The Nile River has fertilized valleys along its winding path through northeastern Africa for thousands of years, anchoring ancient civilizations and still serving today as a major transportation and irrigation route.
But the age of its venerable waters, stretching over 6,800 kilometers (4,225 miles), has been debated, with one group of experts claiming that the river was born about 6 million years ago when a drainage system changed course, while another claims that the river is five times older.
A recent study found evidence to support the latter theory: The Nile River may have emerged about 30 million years ago, driven by the movement of Earth’s mantle — the thick layer of rock between the Earth’s core and crust, a group of researchers reported in Nature Geoscience on November 11.
The Nile River is thought to have formed at the same time as the Ethiopian highlands, said lead author Claudio Faccenna, a professor at the University of Texas ‘ Jackson School of Geosciences. The highlands of Ethiopia is where one of the main tributaries or branches of the Nile River, called the Blue Nile, starts. The Blue Nile brings most of the water of the Nile River — and most of the sediments therein — together with the other tributary of the river (the White Nile) in Sudan, before emptying out into the Mediterranean Sea.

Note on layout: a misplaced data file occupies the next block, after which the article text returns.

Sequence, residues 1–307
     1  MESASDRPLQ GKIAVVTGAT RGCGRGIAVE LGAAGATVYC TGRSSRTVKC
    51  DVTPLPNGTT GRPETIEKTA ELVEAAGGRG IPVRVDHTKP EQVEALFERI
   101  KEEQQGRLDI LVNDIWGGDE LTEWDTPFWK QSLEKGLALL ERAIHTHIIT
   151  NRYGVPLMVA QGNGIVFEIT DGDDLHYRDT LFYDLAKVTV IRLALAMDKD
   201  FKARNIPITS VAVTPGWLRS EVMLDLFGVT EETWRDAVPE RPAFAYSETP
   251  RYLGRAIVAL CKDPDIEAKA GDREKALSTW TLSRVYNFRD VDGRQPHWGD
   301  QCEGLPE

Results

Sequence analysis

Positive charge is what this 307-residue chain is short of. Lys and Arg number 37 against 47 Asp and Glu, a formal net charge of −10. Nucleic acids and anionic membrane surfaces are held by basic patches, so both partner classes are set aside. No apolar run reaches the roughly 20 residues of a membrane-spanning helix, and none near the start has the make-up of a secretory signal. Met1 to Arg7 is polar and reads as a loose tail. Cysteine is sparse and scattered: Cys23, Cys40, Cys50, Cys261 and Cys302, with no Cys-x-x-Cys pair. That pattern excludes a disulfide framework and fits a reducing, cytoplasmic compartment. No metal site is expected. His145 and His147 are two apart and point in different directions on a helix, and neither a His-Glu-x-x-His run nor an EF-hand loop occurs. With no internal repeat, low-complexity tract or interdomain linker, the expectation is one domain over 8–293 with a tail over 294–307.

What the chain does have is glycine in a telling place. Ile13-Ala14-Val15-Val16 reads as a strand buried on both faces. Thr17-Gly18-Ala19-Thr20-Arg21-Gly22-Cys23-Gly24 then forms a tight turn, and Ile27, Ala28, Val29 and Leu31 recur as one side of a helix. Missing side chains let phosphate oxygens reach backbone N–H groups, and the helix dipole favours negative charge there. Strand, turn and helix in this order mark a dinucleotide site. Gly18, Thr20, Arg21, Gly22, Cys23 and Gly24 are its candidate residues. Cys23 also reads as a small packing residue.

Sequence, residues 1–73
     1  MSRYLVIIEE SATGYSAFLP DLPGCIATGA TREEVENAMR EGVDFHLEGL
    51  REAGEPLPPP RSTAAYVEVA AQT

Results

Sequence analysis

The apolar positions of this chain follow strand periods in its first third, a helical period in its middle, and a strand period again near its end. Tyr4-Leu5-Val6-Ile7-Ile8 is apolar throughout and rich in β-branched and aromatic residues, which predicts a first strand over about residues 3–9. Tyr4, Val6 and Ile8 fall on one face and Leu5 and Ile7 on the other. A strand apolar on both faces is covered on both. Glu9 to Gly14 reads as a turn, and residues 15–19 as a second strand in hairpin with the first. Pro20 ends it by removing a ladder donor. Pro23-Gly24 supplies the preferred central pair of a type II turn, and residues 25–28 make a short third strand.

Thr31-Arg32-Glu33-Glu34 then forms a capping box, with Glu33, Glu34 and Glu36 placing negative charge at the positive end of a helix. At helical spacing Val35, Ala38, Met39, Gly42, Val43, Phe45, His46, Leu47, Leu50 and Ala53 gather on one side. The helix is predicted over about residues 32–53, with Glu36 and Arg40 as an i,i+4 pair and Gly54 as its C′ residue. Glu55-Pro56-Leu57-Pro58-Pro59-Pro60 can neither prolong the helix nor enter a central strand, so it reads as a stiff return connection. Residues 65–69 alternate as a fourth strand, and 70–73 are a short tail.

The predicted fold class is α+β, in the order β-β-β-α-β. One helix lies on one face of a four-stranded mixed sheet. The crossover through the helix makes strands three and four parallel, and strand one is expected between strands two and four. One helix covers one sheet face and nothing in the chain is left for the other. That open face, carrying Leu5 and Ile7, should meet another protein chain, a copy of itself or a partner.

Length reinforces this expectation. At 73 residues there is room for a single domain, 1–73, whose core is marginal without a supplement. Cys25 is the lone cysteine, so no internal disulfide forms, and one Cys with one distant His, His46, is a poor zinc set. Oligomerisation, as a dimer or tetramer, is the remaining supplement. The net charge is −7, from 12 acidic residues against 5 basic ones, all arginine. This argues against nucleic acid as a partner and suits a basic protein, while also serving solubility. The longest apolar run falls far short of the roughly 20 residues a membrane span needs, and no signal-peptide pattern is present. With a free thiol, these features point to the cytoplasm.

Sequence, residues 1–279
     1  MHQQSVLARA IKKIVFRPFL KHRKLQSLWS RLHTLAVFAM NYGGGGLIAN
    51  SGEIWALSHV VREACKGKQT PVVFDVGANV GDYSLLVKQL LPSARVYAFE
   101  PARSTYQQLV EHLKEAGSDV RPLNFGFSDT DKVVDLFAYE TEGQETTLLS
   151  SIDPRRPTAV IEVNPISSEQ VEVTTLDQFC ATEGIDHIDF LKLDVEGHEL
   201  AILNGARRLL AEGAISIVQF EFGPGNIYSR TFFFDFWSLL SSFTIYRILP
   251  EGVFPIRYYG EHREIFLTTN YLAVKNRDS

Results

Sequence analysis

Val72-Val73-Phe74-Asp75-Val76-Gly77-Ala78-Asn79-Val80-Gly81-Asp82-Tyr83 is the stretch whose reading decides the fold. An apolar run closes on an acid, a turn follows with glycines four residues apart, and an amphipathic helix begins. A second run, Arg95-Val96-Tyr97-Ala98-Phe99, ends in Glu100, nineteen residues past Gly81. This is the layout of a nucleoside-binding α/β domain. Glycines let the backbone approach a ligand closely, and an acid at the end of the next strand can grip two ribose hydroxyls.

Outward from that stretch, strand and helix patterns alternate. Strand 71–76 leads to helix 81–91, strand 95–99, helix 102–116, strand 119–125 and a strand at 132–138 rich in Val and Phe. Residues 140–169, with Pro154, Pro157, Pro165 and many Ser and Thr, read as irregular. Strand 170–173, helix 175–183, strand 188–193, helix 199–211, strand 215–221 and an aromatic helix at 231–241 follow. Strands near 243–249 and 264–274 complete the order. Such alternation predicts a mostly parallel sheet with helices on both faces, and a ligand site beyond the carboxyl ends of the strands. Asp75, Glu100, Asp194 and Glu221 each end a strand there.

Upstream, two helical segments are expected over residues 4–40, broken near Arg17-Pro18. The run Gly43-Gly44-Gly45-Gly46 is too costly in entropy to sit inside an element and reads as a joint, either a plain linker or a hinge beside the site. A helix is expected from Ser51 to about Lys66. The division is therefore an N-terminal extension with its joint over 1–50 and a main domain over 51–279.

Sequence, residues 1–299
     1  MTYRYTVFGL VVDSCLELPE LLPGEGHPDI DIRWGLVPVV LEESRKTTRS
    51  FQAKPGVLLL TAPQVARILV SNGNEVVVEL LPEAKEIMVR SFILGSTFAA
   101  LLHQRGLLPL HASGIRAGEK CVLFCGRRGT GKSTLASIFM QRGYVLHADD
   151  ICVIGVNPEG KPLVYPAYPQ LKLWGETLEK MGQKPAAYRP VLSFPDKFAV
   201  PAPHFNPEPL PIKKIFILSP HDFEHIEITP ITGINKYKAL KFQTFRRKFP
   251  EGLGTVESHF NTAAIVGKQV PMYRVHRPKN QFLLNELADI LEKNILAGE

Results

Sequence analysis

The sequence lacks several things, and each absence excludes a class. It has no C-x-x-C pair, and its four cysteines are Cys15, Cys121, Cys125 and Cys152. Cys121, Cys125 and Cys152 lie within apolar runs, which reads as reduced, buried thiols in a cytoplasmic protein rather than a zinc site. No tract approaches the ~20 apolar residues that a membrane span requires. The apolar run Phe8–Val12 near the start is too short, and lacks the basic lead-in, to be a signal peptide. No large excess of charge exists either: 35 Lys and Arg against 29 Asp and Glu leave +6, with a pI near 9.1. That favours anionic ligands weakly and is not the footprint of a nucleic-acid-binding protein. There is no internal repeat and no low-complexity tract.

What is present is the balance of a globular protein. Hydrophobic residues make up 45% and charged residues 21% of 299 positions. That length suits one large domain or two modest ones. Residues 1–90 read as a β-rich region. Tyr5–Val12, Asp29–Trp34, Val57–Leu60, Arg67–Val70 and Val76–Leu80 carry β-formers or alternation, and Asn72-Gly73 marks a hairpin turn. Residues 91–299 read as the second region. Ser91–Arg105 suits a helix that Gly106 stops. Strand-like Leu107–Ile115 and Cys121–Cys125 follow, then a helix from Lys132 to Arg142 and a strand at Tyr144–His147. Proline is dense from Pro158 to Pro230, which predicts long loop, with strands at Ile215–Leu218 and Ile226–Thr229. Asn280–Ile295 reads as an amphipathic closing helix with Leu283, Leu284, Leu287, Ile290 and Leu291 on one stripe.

Previously, Faccenna and his team studied sediments collected from the land of the Nile Delta produced as sediments where the river meets the Mediterranean and contrasted their composition and age with the ancient volcanic rock found on the Ethiopian plateau.
They discovered the sediments and rocks matched, ranging from 20 million to 30 million years old, suggesting that the river was formed at the same time as the plateau.
So then the researchers were interested in seeing how the river was possibly connected to Earth’s mantle, as the theory suggested, Faccenna told Live Science.
Faccenna and coworkers created a computer simulation in the new study which replayed 40 million years of Earth’s plate tectonics — a theory that implies the outer shell of Earth is cut into pieces that pass around and glide over the mantle.
Faccenna stated. Their simulation showed that a hot mantle plume an upsurge of extremely hot rock in the mantle pushed the ground upward, creating the Ethiopian highlands and also activated a still-existing mantle “conveyor belt” that pushes upward on the Ethiopian highlands in the south and pulls the ground down in the north. This creates a northward slope, on which the Nile still runs.
It’s uncertain whether, just marginally, the Nile River has ever changed its course throughout its life, and that’s something Faccenna and his team intends to find out in the future. I also want to use this approach to examine how the mantle could have changed the course of other rivers around the world as well.


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